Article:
Wednesday, December 20, 2006

Women and the Two Body Conundrum


Women in Science: The Battle Moves to the Trenches (NYTimes, 12/19/06)

The New York Times has an interesting article about the "two body" conundrum facing women working in the sciences - a conflict I would argue is present for women in nearly every professional career. There are other aspects of this article surveying the inequities in the sciences that result in more women entering and then leaving the field compared to those numbers among men. However, the two body conundrum is one that is a frequent topic of conversation between my wife, a corporate lawyer, and me, a poet and photographer. Briefly, the two body conundrum is the unresolved conflict between having a career and having a family. In order for women to resolve this conflict successfully, they either have to be gifted individuals with exceptional skills that cannot be readily acquired by others or have two bodies, the punch-line being that no one can be two people. Thus the conundrum.

I think, however, it is also the answer. The focus of the article is upon emancipating women and equalizing the playing field, but it doesn't really address the underlying problem of WORK in the current era, though the article hints at the issue when it questions (through a quote from Evelyn Hammonds, professor at Harvard) whether a 70 hour work week is truly required for anyone to succeed in science. I feel the underlying problem is that contemporary models for employment & career building do not create space for the building of families or even the maintenance of a well individual. The article presents accurately that one of the most tenacious inequities women face emanates from the perception of their relationship to child-rearing as being disruptive to the dedication required for women to be serious scientists. What the article does not discuss is that this perception is based on an equivalent & opposite assumption that child-rearing will not be disruptive to a man's career, because it is institutionally assumed that men will disappear from the family during the period of time required for them to establish themselves in their field.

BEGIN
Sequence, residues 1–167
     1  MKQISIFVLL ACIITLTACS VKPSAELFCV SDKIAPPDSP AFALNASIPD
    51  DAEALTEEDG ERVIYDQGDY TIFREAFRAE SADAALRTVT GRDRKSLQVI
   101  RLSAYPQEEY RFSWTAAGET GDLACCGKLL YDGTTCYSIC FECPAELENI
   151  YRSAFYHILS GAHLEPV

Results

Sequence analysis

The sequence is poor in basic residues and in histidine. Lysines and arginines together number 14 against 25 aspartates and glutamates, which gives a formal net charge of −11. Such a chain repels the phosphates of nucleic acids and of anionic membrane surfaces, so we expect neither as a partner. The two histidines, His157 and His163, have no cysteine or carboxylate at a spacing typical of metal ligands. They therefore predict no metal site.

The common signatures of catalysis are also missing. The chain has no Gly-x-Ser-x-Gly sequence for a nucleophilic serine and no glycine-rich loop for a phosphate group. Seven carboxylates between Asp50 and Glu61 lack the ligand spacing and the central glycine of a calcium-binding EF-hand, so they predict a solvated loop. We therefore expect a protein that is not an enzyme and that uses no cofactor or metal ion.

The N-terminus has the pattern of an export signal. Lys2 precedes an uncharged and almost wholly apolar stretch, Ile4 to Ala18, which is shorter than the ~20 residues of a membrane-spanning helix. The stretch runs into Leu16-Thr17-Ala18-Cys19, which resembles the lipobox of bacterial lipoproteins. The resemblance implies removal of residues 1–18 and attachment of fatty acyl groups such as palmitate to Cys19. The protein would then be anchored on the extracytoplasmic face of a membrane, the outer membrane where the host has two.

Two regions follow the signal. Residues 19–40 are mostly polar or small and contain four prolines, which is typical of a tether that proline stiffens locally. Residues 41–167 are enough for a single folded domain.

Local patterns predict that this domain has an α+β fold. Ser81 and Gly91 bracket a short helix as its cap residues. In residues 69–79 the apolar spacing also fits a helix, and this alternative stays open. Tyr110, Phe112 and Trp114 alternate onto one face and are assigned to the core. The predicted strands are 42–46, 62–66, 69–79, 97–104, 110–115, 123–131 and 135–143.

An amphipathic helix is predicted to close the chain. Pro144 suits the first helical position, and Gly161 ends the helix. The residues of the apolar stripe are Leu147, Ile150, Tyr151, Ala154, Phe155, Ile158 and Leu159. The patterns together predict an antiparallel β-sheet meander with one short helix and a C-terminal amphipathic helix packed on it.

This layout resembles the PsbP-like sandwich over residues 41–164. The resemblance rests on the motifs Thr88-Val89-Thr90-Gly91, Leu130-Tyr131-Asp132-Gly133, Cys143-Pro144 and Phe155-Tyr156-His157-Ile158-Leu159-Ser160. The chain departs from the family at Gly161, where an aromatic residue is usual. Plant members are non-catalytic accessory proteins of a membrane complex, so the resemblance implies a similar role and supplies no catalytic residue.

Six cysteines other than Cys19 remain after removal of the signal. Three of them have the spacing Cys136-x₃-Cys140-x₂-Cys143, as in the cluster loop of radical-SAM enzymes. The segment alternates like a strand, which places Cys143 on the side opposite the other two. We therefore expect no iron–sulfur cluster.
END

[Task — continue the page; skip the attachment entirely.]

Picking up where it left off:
My father is a scientist and was an academic for 40 years. Until I was ten years old, he was barely home during the week. He left for work at 7 in the morning, returned at 6 in the evening for dinner, and then returned to the lab at 7:30 until after I was asleep. When my mother died, much of the friction in our family was the result of his realization that his absence made my mother the sole historian of those years, followed by his struggle to accept that he could not repair that absence, no matter how well intentioned his efforts might be. My father, if offered the opportunity in retrospect to be two bodies and build his career and his family simultaneously, would have signed whatever Faustian contract was required in order to do so.

The reason that the two body conundrum is difficult for women to overcome is that it is an untenable proposition for anyone - man, woman, mother, father, or parents of any configuration - commited to creating a healthy family. Individuals cannot solve the two body conundrum, because individuals by definition cannot be two bodies. In a family, the second body is the second parent, and current models of employment and career building demand that one parent MUST be absent in order for the family to generate the resources required to raise a family successfully. The current model is not healthy. People should not be doing it. Employers - universities, corporations, factories - are getting away with an unjust stipulation when they force either parent to acquiesce to those terms in order to build a career. And governments are subverting their responsibility to families in situations where a single parent is forced to manage a family without access to the resources having two bodies would otherwise present - child care, health care, and time off from work.

Thurgood Marshall was asked at the end of his career as Supreme Court justice, whether black people were better off now than they were when he first started practicing law. His answer was that the question itself was moot. People are better off now. No one is served by inequity. Humanity is lowered by what costs prejudice exacts upon the spirit of the community. So too I think in terms of women's access to an equitable workplace. I think the goal is not merely make the workplace more equitable to women. The goal is to make the work place more equitable and thus, more humane. We will all benefit from that increase - as individuals, as men, as women, and as parents.

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